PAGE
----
I recently came across a blog by a man. One who, I would presume, has not had the experience of flying with his own young children.
He is suggesting that arriving on the plane armed with goody bags for your fellow passengers is a great way to mollify them in the event that your little people might get upset and/ or annoy them. He suggests that including some earplugs, a chocolate bar and maybe some chewing gum could be the way to go. He’s not the first to bring this idea forward either, with a number of ‘mummy-blogs’ writing about it. Seriously?! People who get annoyed with children on flights need to invest in good headphones and get over themselves.
I’ve flown many times, both with my own children and without. And do you know what I’ve noticed? Most babies and toddlers are actually really great on flights!! Their reputation for being horrible, screaming little bundles is actually very unfair. Often the first time I notice when a small baby or toddler is on a flight with me is when we all stand up at the end to disembark. For the children I do see, if they are sitting close to me or toddling past, I always try and catch their eye and engage them for as long as possible. I figure that every minute that I manage to entertain that child, is a minute that the parents can relax! Win / win, I say.
Travelling with an upset baby is SO stressful and it’s hard enough worrying about your own child without worrying about everyone else! The most stressful flight for me was when travelling with my 9 month old daughter on a return flight from Brisbane. I spent two full hours standing in my tiny space, with her in the front pack. I don’t even know how many dozens of times I sang ‘hush little baby, don’t you cry’ to her. That song still reminds me of that flight! She was teething and tired. But I can tell you that 100% of my focus was on trying to keep her quiet and get her to sleep. Which she did… just as we were told to put our seat belts on for our descent. I refused and kept her in my front pack* – there was no way I was risking her waking up after all that effort!!! Do you know what? Even though I had stressed out for the whole flight, as we were disembarking, the lovely older couple behind us commented to me at what a great job I had done with her.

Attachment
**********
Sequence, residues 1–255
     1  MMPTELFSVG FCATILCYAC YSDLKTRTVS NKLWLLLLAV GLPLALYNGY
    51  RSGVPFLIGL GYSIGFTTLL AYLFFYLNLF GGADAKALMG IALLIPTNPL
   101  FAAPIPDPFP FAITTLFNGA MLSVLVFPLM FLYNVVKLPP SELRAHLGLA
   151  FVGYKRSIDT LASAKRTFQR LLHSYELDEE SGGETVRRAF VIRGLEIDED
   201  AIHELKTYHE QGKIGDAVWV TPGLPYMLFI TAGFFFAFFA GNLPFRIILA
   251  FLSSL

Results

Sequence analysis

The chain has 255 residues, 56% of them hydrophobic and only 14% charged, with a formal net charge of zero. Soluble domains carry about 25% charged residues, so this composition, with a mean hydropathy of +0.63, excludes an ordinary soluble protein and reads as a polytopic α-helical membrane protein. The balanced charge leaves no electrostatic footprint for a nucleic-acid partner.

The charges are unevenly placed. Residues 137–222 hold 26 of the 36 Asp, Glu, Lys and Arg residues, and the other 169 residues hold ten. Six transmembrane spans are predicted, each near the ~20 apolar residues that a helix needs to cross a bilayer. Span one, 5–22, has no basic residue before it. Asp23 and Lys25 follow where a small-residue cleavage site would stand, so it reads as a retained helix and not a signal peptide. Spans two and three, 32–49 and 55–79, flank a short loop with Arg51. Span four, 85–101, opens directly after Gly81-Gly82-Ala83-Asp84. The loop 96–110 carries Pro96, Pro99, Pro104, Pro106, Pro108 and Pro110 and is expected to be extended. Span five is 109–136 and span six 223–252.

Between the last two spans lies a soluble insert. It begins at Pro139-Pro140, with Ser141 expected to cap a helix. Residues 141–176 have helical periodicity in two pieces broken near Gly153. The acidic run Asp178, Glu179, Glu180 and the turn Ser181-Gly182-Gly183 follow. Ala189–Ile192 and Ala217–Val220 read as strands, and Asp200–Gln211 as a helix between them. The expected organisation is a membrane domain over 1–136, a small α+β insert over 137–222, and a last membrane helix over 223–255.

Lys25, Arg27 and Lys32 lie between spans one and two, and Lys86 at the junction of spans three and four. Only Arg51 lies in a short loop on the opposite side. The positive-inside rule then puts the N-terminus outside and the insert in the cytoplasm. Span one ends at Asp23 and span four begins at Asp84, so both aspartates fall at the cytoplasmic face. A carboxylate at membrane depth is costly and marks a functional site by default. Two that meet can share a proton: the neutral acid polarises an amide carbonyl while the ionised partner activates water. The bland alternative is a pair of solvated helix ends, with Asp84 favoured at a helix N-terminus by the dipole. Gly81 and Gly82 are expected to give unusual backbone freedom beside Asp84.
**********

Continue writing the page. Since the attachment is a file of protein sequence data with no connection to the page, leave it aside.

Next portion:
*NB these days there’s no way you’d be allowed to get away with that, the flight attendant would insist that they had to be secured in your arms and belted in.
There are certainly things you can do to assist your own child – breast or bottle feed on takeoff and landing to get them to swallow (or get them to drink water from a drink bottle), bring a small selection of new books / toys / activities to bring out as they get restless, and of course an iPad is a lifesaver! Older toddlers and children can often be entertained for hours at a time with a favourite game or movie, putting them down only to eat or have a cuddle! Young kids of most ages love exploring the cabin, even if that simply consists of endless trips up and down the aisle. Hey, if that keeps them entertained, let them do as many laps as they want to! They will probably make lots of friends along the way, which eases your job as a parent.
If your child does become upset, after checking they’re not in pain from sore ears, redirection is always a good option. Give them a change of scene by taking them to the flight attendant area. You never know, you may even get a clucky flight attendant offering to help!
If you’re travelling unencumbered, remember that children absorb the atmosphere around them. If their parents are stressed, chances are it will add to the child’s stress. So anything you can do to ease the parent’s stress may just help everyone onboard have a happier flight. Playing peek-a-boo, giving them a hi-5, or even just a friendly smile towards a stressed parent to let them know that you’ve been there, done that and totally understand, goes a really long way.